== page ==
The demand for ILS is clearly there, but how can the industry ensure it’s got access to the risk investors need, and continue to create opportunities for its investor base? Is there anything Bermuda can do, specifically, to capitalise on continued investor interest?

Adderley: For me it would be the speed to market of ILS platforms that we create. I think often when we create new products people are concerned whether they’re going to work, the time it’s going to take and the cost to do them. If we create platforms that allow us to do things faster and more cost-effectively than a normal traditional cat bond, investors will want them. So if we’re able to create ILS platforms, collateralised platforms which allow us to get to the market quickly at a cheaper cost, then there’s more of a chance, in my mind, that other new products, different risks or new investors will come.

There is obviously competition out there, there have obviously been a lot of interesting comments about Bermuda from Lloyd’s and the London Forum, but in some ways some of the other jurisdictions are helping Bermuda without realising they’re helping. I understand, Germany has said that if you want to market products into Germany you have to be a Solvency II compliant company.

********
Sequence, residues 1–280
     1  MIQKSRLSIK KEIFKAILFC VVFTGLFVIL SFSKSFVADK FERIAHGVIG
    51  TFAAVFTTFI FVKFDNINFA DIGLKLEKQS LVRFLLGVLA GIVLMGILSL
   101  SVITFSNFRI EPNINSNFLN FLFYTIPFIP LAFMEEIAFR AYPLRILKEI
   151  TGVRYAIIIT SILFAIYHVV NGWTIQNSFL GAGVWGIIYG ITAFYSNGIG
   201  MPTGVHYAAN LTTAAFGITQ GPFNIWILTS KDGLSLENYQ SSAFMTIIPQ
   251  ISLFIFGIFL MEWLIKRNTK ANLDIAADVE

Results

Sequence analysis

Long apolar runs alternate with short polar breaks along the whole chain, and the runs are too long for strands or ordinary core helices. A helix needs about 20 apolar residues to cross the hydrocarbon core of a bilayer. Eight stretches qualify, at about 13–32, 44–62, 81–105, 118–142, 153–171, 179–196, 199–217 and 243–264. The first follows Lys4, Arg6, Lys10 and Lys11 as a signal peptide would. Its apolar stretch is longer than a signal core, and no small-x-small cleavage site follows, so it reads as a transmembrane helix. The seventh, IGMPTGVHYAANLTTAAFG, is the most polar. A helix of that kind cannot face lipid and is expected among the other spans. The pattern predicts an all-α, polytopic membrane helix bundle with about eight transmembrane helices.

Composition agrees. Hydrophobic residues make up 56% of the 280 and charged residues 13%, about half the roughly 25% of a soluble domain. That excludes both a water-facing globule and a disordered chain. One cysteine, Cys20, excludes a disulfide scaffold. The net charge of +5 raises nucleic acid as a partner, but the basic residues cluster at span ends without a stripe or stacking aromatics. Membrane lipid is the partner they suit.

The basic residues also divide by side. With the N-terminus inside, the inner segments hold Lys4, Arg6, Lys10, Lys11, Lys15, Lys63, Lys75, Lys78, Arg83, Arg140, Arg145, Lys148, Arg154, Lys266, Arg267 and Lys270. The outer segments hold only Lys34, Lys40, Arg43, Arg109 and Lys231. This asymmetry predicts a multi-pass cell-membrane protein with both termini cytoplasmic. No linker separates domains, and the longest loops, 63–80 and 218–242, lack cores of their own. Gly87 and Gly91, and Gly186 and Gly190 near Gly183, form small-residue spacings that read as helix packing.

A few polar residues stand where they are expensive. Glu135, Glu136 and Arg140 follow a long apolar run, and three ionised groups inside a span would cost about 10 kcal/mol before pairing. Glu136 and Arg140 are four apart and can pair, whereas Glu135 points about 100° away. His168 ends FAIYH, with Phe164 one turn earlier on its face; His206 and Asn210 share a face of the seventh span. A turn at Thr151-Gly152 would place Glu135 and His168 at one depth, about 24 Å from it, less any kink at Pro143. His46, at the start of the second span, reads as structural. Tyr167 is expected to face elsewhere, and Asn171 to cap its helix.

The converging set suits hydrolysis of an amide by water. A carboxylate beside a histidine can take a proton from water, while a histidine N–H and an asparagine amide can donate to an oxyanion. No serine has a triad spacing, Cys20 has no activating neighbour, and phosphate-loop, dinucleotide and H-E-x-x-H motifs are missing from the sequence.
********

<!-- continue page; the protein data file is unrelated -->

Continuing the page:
So then I think, “What jurisdictions are competing with us.” How many jurisdictions have companies, which are deemed to be Solvency II equivalent? For us, SPIs would not be. So what are we seeing now? We’re seeing a lot of people today going to us, “Brad, let’s take over SPIs and upsize it to be a Solvency II equivalent class, 3As, 3Bs and 4s.

It’s good for us, but the problem for everyone else, Gibraltar, Malta and the rest who are trying to get into the space, is they don’t even have that in their bag. So yes, there is competition but in some ways what we’re going to have to do is make sure that when laws in other jurisdictions change, can we as a jurisdiction, Bermuda Monetary Authority (BMA), make sure our laws comply with theirs to allow us to do business?

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